It is very important to retain as much of the supportive relationship that you enjoy now once they have been moved into care. This is critical. For this reason - depending on your parents and your relationship with them - you may need to bend the truth, or ease them in as suggested above, or even to put the blame on an unfeeling government (the 'them') who have taken the decision from you all. Whatever works to protect your parent (and yourself) to enable them to get as much out of life as possible - that's what you'll need to do.

And as I've said - the best news is that no-one can do it as well as you, no matter what you think.

 

83% helpful
Gamafan answered...

We recently had to admit my mother to alzheimer's unit at the nursing home I work at. The ploys the expert suggested have worked for her although she repeatedly removes and packs the personal photos that my sister and I hung because she has to " get ready to go home". I sat down with her one day and told her she was staying and it was horrible for me and her. The next day she had totally forgotten the conversation. That made me realize that a "loving lie" is sometimes the best answer. I can say that the staff have been wonderful with her and that I have seen her happier and more engaged in the past 2 months than in anytime time in last several years.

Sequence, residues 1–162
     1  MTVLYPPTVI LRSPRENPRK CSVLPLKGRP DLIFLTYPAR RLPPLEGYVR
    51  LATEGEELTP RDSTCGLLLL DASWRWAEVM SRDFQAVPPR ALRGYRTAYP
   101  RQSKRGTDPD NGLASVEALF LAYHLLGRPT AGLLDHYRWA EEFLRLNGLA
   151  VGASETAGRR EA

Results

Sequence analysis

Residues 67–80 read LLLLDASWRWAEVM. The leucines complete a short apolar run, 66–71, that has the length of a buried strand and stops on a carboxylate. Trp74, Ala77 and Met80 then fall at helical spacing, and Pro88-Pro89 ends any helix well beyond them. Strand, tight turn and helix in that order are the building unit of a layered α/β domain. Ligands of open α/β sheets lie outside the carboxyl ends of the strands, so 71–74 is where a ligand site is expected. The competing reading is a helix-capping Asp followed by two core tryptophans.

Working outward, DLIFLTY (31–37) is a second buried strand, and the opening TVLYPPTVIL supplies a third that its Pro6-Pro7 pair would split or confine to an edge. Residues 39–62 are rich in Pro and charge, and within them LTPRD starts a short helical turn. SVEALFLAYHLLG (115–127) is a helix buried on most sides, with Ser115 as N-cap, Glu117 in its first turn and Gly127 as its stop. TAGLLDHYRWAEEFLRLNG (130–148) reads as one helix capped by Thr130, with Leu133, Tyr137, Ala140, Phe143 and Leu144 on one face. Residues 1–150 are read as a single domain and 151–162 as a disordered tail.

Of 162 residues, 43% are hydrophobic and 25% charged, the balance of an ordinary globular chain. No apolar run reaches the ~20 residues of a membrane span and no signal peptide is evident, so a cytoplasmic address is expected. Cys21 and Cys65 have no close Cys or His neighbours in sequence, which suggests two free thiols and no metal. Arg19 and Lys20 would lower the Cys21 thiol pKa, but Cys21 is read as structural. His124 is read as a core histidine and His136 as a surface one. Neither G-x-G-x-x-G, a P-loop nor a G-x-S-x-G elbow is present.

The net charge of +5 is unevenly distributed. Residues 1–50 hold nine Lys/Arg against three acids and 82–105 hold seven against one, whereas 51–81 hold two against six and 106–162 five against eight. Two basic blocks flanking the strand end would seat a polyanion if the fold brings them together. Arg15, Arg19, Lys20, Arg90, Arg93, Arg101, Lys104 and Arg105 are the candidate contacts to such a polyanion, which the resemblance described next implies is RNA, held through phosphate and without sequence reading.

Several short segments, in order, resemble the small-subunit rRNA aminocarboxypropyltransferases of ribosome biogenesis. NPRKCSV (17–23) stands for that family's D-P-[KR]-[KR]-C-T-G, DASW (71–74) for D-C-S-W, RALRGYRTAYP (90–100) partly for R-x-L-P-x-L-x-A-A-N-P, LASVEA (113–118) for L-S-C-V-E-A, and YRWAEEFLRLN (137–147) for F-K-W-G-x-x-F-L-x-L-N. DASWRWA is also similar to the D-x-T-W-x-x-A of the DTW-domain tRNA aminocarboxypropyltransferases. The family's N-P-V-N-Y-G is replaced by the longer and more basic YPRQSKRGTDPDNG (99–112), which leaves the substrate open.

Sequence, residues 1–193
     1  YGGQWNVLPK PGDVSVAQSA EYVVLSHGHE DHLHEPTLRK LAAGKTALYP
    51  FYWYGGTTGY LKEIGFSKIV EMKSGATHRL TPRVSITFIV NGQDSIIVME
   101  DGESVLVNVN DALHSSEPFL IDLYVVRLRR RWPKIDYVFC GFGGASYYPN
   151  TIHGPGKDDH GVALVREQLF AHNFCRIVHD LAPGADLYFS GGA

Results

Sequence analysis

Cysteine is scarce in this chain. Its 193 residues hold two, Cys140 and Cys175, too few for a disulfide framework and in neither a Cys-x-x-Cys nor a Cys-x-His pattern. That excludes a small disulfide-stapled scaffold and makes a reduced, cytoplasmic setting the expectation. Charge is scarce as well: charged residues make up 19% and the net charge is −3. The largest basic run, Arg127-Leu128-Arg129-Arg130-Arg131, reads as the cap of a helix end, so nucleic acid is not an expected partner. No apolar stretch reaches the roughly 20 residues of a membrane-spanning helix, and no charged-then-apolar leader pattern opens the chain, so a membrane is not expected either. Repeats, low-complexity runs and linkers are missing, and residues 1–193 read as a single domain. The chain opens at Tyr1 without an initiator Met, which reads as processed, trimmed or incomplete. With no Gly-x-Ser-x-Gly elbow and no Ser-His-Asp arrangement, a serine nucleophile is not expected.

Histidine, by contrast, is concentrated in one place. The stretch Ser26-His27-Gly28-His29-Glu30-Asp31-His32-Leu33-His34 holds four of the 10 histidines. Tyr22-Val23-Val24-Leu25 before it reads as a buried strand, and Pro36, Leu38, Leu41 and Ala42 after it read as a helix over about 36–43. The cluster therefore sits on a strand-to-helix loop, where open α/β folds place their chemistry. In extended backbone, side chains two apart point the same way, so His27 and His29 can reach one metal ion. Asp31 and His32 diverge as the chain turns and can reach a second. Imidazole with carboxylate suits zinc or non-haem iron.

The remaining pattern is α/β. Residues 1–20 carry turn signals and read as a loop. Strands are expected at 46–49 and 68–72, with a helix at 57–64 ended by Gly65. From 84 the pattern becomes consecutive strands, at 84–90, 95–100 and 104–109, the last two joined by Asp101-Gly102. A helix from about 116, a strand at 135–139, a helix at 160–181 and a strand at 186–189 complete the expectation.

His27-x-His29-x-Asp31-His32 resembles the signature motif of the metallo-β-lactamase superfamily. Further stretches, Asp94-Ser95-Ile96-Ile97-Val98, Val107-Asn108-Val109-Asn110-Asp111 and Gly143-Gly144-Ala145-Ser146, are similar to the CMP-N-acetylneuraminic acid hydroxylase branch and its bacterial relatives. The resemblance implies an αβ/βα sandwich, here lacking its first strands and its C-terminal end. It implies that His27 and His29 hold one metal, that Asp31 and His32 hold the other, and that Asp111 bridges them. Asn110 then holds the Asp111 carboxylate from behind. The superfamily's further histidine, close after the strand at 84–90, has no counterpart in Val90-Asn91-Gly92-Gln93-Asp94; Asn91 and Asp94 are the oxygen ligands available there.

100% helpful
blueyes123 answered...

Lainers, In Florida she will have to apply for Nursing Home Waver Medicaid if he is in a nursing home. The social worker in the nursing home should be able to help her if she needs help. You can also contact Elder Care in the region of Florida that she is in and they will also help her apply for the services that she needs for her and for him. Their main number is 800-963-5337. Their internet site is http://eleraffairs.state.fl.us/. I hope this helps you. I went through the same thing with my husband and I am in Florida.

 

94% helpful
nickddd222 answered...